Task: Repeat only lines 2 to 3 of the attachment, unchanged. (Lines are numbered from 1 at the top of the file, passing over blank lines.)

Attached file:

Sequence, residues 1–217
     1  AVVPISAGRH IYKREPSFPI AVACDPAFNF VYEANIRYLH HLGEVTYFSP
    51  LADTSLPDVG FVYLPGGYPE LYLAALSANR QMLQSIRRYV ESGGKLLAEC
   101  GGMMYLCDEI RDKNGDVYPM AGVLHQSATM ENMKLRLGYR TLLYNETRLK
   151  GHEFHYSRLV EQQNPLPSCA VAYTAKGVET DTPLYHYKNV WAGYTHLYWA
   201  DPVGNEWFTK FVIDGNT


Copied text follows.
     1  AVVPISAGRH IYKREPSFPI AVACDPAFNF VYEANIRYLH HLGEVTYFSP
    51  LADTSLPDVG FVYLPGGYPE LYLAALSANR QMLQSIRRYV ESGGKLLAEC